In an interview, Yetman said that a code of ethics is needed to make certain that unscrupulous landlords don’t take advantage of recovering substance abusers by packing them into one unit and charging them exorbitant rent. If the owners do not adopt the reforms voluntarily, Yetman said he feared the state will impose more restrictive regulations that would do more harm than good.
“You have to understand that sober homes are the last step in the continuum of care before someone chooses to live alone again,” Yetman said. “Think of these homes as a place to practice living sober.”
Currently, the only control over these homes is the city of Boston’s Building Code, which sets out how much space such homes need to maintain to accommodate their having numerous unrelated people living under one roof.
Under the code, there must be a minimum of 150 square feet of “communal space,” which can consist of kitchen, living, or dining rooms, and 70 square feet of bedroom space for the first person living in the unit. For every other occupant of the unit, there must be another 100 square feet of communal space and 50 square feet of bedroom space, said Steven O’Donnell, director of the community outreach response team for the Boston Inspectional Services Department.
Initial concern over the operation of sober homes was triggered in early 2007 when residents in the Fort Hill section of Roxbury reported unruly activity around Safe Haven Sober Houses, a group of 11 townhouses that had been converted into sober housing where as many as 12 people were living in each unit, each of them paying about $140 a week.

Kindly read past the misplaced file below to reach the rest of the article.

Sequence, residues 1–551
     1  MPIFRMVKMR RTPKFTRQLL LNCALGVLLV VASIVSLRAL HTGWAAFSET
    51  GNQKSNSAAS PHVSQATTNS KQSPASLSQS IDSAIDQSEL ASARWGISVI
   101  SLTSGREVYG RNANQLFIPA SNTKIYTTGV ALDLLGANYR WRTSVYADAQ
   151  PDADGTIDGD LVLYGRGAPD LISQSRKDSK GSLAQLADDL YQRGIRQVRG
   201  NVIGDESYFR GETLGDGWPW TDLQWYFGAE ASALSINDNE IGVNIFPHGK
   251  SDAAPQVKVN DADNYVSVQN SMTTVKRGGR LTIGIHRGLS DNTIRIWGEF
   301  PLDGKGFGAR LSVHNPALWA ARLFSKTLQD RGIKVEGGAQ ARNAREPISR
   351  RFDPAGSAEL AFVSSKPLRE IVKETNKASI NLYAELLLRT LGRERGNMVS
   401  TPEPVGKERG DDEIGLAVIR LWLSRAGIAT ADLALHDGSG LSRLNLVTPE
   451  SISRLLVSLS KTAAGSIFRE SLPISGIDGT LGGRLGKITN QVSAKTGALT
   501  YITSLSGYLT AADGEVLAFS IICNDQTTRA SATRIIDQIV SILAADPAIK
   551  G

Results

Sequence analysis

Neighbors complained that a stream of supposedly sober residents made daily trips to a nearby liquor store and left empty needles and other drug paraphernalia outside their homes. Further investigation revealed that several had suffered drug overdoses inside the Safe Haven townhouses. The Herald quoted one former Safe Haven resident as saying the homes were a “zoo” and claiming that others living at Safe Haven got high daily and failed drug tests without fear of being expelled.
Inspectional Service Department workers secured an administrative warrant to enter the home and found up to four residents living inside in a single bedroom, “packed like sardines,” one inspector told the paper. Other issues involved garages and basements being converted into additional bed space. From later court documents, it was estimated that Safe Haven owner David Perry was earning $14,000 a week, or about $725,000 a year, in rental fees from more than 100 residents.
The city of Boston later filed suit in Boston Housing Court against Safe Haven, alleging that it had violated municipal zoning codes by turning its townhouses, originally zoned as single-family dwellings and meant to house no more than four unrelated individuals, into lodging houses without city approval. Additionally, ISD inspectors stated that the garages and basements of these homes, originally intended for storage purposes, could not be turned into living spaces due to a lack of available land on each parcel.
Rather than contesting these violations directly, Safe Haven’s attorney Andrew J. Tine says the Zoning Board is discriminating against people recovering from addiction, a violation of the Fair Housing Act. “The Zoning Board wouldn’t come down on nine people in a family living in one house,” said Tine in an interview with the Reporter. “This is clearly a case of discrimination against my client.”
In addition, city lawyers contended that Perry had turned the units into sober housing without determining how committed individual residents were to staying sober. As many as 200 Safe Haven residents had been sober less than two weeks before entering the homes; the city contended that residents could not be considered in recovery until they had attended some sort of licensed program.
“It did not concern Mr. Perry that a resident was getting sober on the same day as he or she was entering Safe Haven,” the city stated in a “statement of facts” filed with the Housing Court. The three-year long suit and counter-suit between Safe Haven and the city continues in Boston Housing Court, and Safe Haven continues to operate several of its townhouses as sober homes, Tine said.
Perry is now the executive director of Recovery Educational Services, a non-profit company that owns five of the contested Roxbury townhouses and houses between 40 and 50 individuals in recovery.